Soon, I will be driving far, far away from this town. There is nothing like waking up at 4:30 a.m. to begin a family vacation to the east coast. Even though the days of waking up that early for dreadful cross country meets are far behind me, I make an exception for vacation.
As I stuff the last few t-shirts into the suitcase my brother and I are sharing, I cannot help but think about the places we will be visiting — Philadelphia, New York City, New England. In the span of a few days, we will be going back to places we have been a few times before. Nevertheless, this does not hinder my excitement.
I have not been to Philadelphia since we moved from there 11 years ago. I was eight years old when we left the city I had grown up in. I remember driving on a busy road to Super Fresh to go grocery shopping. I loved double bagging the groceries and organizing them into the cart.
I remember walking to McCall Elementary School every day with my dad, cutting through a mini park with trees that had huge leaves on them. Some days we would stop to get bagels and water at a mini store underneath a skyscraper just down the street from our apartment.
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The school had a huge playground; I sprained my ankle there more times than I can count. Before school started, we would all line up with our homerooms outside before walking in. As you went into the school, there was a huge flight of stairs to your right; we would sit on the stairs and slide down during breaks.
Straight ahead, there was a huge room that acted like a cafeteria and gym, with paintings on the walls. We would do rehearsals there for the drama club I was in. “Beauty and the Beast,” “Once on This Island.” I always looked up to the 7th and 8th graders that played the important characters, thinking they were significantly older and cooler than me.
I also remember riding the subway with my dad every day of the summer to go to the Rising Stars summer camp. We would stop at Dunkin Donuts to get golf ball-sized donuts at the station. Some days, he would let me lead the way through the subway, following my directions to get to the right stop. I remember thinking I was so professional and a master at directions. Yet after struggling to navigate my way through the tube and metro in Europe this past Spring break, I doubt I could find my way through the Philadelphia subway system.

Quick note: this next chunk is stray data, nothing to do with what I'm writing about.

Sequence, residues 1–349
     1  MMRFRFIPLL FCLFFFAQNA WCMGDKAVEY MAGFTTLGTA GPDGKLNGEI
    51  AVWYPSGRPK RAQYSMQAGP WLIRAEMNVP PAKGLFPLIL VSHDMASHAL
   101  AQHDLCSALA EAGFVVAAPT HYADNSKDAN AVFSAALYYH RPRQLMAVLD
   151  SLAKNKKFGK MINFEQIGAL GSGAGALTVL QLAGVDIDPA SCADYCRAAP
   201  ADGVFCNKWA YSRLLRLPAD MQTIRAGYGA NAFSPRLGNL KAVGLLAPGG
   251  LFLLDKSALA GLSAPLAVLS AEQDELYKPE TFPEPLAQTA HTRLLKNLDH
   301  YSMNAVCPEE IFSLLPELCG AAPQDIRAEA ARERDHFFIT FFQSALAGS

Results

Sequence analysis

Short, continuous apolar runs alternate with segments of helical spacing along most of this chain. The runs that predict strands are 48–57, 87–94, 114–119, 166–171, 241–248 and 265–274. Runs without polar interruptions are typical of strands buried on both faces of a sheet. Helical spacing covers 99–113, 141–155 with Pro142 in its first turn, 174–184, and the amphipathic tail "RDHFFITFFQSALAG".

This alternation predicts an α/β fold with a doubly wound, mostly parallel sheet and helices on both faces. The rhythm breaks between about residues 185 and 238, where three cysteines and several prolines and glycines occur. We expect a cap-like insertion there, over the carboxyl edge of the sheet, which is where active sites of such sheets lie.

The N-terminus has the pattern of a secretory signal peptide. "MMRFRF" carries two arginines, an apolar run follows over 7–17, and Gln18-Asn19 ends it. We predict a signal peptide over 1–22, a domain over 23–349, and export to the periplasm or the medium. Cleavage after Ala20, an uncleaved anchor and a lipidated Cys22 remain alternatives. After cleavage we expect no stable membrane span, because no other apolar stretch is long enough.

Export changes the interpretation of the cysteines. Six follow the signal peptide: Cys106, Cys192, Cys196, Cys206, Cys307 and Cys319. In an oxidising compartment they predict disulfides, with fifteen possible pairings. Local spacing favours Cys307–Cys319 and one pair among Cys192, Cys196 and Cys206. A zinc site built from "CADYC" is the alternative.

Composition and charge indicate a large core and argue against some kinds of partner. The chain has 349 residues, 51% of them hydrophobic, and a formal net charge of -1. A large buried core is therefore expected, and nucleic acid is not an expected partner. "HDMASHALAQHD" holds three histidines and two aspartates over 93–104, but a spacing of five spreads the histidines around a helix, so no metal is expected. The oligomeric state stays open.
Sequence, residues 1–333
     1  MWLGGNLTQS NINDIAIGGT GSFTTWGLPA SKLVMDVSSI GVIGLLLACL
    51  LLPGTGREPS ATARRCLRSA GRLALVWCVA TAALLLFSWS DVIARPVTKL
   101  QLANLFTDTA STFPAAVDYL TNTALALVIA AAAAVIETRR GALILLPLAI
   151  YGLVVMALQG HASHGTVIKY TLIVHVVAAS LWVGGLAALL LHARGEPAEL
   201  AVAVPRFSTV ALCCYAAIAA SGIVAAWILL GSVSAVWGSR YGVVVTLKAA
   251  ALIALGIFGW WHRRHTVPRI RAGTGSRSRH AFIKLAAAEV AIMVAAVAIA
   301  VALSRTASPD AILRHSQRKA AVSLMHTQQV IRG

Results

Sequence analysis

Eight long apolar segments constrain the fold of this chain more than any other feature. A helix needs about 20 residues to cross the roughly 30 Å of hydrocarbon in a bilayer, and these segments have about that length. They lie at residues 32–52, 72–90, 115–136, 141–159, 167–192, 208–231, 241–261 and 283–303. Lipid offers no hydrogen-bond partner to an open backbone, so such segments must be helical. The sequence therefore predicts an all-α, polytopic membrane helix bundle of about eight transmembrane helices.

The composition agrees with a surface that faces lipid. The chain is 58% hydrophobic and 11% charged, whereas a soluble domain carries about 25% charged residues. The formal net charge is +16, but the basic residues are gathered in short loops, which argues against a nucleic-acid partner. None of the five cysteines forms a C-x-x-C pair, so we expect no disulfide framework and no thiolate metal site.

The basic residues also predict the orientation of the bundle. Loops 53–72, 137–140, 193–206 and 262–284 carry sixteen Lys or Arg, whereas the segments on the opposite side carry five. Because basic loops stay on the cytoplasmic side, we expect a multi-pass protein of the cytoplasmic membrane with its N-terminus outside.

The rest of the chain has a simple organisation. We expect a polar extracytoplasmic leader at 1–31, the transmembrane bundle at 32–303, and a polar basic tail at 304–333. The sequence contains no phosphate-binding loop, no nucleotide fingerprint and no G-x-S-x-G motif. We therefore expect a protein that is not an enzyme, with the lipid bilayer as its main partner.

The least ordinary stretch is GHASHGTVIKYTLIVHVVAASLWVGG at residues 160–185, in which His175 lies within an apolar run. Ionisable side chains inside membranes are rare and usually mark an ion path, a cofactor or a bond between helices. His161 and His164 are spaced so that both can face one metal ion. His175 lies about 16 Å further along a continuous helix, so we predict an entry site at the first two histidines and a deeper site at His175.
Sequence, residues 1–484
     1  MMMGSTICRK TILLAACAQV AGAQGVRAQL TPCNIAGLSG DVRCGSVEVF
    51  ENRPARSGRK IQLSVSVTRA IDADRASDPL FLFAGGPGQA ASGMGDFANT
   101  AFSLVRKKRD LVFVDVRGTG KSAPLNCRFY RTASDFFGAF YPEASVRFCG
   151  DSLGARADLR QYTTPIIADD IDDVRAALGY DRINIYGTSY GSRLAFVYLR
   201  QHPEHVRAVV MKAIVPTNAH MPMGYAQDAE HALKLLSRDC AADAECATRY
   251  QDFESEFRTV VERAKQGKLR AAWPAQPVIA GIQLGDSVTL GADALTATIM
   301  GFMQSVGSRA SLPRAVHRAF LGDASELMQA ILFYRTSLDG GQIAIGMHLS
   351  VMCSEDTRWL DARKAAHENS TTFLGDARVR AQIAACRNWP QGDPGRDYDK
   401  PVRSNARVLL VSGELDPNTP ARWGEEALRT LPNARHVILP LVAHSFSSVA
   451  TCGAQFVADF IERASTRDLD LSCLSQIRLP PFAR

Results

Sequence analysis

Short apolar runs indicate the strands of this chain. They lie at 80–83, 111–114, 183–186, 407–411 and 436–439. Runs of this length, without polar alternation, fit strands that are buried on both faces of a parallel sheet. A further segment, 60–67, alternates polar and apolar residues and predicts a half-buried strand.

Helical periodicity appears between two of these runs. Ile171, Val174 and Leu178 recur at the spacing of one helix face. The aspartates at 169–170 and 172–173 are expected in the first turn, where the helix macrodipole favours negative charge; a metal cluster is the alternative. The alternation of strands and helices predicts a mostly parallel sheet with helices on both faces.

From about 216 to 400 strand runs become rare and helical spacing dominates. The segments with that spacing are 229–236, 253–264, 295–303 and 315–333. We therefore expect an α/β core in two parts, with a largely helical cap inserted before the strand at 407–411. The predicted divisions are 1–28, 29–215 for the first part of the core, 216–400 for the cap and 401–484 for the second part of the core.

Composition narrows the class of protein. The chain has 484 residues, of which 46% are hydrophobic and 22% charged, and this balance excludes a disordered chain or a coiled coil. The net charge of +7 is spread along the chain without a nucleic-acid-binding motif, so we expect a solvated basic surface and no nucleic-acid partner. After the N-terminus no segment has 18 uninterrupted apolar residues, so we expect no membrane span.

I remember trying to find where we had parked Peter, our 2002 navy blue Honda CRV. Sometimes we could see him from our apartment window on the 9th floor. Other times, we had to walk up to 20 minutes to find where he was hiding. There were a few times in the winter where we would find him covered in snow. I remember reaching up to remove the snow from the top so it would not fall on the windshield while driving.
Even though I miss Peter dearly, I am glad I did not have to learn how to drive a stick-shift car. That would have made my driving experience 100 times more miserable.
Rihanna, Shakira and Selena Gomez would blast from Peter’s radio. Yet I mostly remember inserting the Black Eyed Peas Album, “The E.N.D.,” numerous times. I never got tired of “I Gotta Feeling,” “Party All the Time” and “Meet Me Halfway.”
One of the things I remember most is our apartment. I remember watching “Blue's Clues” on the TV, playing with trains and cars in the living room. We would watch “The Lion King” and “The Princess and the Frog,” DVDs that my dad would borrow from the Drexel University library and bring home every Friday evening.
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I remember never wanting to eat bananas and watching as my brother would knock down the plant we had in the living room. My parents probably spent hours during the 8 years we lived there vacuuming the soil from the carpet. My brother and I would eat cheerios and fruit on the couch as we watched TV and read picture books together.
When I think of Philadelphia, one of the main memories that come to mind is setting off the smoke alarm in our apartment after microwaving a plastic plate with pizza. My grandparents and I were not sure if it was microwavable, so we took a chance. When my parents returned, they had told us you could smell the smoke from the main level nine floors down.
Philadelphia is home to some of the greatest memories of my life and thinking about going back — even just for the day we are passing through — gives me a sentimental feeling. I want to see what new skyscrapers have been built and what our apartment looks like 11 years later. I want to see the Starbucks we would walk to every Saturday morning and the park where I tried learning how to ride a bike. I want to see the place I called home.
Isabella Vesperini (she/her) is a sophomore majoring in journalism and minoring in Italian. She hopes to one day live in Philadelphia again and relearn the subway system.